8. Obverse and reverse sides of the flag must be identical. If the heraldic flag is adopted, the postion of the heraldic animals' head etc. must be described on the reverse side extra, when embopdying part of the whole coat-of-arms.
9. The surface of a banner is always identical with that of a flag both in its shape and proportions.
10. The surface of the flag must be simply descriptionable in words in the way that enables its manufacture without any graphic design.
Source: "Flags over Czech towns" (September 2000); an article by
Zbyšek Svoboda: Czech municipal and civic flags, in which the new guidelines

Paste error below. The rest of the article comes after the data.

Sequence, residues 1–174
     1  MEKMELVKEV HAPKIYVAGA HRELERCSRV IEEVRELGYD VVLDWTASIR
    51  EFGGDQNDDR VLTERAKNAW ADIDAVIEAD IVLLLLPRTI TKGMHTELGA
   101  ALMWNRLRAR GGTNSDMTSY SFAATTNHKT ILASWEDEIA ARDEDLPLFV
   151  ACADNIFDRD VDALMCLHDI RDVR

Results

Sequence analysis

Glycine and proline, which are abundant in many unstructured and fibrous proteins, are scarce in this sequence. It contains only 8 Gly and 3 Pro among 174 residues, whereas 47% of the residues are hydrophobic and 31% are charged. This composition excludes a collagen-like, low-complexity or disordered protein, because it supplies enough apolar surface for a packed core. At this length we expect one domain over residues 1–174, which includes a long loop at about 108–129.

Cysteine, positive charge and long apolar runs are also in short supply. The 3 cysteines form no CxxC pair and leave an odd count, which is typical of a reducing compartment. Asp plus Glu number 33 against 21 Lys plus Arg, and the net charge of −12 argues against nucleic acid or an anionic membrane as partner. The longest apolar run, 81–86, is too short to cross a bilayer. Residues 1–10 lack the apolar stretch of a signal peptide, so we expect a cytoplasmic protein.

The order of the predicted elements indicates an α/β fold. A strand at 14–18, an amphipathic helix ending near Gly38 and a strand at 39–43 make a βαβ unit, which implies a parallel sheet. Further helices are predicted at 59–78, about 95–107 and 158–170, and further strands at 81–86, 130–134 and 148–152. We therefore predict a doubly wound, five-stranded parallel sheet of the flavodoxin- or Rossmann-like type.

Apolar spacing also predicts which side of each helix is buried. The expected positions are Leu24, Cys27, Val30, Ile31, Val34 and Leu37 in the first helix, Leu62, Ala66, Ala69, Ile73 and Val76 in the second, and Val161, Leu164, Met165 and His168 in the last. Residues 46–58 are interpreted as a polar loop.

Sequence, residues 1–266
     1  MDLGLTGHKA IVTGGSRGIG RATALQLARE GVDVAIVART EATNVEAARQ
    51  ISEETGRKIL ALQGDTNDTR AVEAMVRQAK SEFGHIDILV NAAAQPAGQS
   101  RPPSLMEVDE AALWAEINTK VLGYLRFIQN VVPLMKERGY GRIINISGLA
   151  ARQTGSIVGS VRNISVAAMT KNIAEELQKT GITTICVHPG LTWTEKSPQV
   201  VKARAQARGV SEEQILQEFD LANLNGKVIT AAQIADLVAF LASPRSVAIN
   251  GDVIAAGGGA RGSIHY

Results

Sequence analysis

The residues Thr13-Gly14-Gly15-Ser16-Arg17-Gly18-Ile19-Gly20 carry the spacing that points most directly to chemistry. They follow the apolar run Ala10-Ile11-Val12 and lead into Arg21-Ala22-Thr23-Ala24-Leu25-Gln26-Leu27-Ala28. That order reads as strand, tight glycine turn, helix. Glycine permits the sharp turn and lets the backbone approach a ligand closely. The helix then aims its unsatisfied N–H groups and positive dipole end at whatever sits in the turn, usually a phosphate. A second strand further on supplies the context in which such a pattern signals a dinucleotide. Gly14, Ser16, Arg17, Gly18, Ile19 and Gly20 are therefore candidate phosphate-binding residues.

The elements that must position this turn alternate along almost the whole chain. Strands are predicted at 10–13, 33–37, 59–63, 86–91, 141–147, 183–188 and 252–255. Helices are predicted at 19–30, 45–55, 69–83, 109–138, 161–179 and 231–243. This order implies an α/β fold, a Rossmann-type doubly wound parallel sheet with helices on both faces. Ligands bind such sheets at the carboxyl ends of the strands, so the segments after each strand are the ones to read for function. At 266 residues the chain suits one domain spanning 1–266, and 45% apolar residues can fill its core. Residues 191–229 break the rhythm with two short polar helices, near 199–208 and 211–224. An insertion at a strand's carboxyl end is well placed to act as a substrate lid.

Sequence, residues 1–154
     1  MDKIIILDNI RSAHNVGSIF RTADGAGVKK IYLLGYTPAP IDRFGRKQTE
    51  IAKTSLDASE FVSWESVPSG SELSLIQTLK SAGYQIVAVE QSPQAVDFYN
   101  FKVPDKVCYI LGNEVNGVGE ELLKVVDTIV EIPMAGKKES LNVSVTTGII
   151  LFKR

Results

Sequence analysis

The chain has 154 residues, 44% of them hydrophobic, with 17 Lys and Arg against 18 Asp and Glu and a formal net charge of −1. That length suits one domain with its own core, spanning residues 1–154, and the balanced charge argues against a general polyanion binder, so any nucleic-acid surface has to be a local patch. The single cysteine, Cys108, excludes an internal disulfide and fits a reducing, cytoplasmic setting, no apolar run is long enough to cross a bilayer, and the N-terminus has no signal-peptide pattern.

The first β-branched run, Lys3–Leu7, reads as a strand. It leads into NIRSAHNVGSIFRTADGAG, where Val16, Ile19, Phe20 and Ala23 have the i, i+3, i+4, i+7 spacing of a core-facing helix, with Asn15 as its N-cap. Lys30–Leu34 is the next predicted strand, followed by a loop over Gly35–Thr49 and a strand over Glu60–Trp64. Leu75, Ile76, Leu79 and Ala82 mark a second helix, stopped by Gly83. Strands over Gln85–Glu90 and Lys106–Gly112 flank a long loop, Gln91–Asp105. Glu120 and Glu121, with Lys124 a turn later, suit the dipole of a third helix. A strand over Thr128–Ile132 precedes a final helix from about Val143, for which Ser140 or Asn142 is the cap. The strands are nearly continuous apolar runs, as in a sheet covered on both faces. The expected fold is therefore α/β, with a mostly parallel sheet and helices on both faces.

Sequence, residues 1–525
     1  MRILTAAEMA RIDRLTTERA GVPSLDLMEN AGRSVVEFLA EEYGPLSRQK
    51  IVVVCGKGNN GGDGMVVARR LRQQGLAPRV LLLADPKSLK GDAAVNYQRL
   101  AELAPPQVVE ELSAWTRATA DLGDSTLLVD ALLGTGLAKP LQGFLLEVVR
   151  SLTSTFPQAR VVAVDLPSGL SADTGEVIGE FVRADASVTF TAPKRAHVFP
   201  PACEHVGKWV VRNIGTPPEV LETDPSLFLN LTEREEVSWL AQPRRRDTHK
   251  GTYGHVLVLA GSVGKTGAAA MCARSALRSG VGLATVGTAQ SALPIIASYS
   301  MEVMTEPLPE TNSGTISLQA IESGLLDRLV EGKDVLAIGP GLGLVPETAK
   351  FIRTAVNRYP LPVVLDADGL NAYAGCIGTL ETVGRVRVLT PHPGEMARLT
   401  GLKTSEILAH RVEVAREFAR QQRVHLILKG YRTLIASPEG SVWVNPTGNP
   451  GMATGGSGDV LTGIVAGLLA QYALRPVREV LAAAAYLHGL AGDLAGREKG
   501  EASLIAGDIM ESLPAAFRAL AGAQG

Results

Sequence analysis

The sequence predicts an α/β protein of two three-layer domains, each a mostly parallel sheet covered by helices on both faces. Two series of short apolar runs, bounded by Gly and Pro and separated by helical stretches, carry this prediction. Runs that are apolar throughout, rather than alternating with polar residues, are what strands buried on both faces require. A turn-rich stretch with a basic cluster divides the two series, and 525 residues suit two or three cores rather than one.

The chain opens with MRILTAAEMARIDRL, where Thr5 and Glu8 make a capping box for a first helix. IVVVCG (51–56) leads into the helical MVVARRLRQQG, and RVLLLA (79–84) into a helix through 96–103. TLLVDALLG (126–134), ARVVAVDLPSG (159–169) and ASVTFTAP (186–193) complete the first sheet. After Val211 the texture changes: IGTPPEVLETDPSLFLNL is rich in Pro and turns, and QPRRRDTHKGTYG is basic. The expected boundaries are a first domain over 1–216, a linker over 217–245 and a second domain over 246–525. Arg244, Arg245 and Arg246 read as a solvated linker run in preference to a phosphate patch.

of the Heraldic Committee of the Czech Parliament are explained, as formulated
Jarig Bakker, 22 Apr 2004
These Czech flags are certainly interesting. While not every one is
very atractive (but many are) they are certainly many of them are quite
unusual and "experimental" towards new variations in vexillography. I believe
that the "rounded hoist triangles" are such an example - I don't think
it's been seen before, but still quite striking, simple and "vexillologically
correct" design. There were shown some others that would deserve to be
pointed out, too. Is there any overview (I'm sure there is, vexillology
seems to be quite strong in Czech Republic; but could we get it on FOTW,
at least a summary) over the Czech local flags? There seems to be very
little uniformity or system in Czech local flags - some are bi- or tricolours,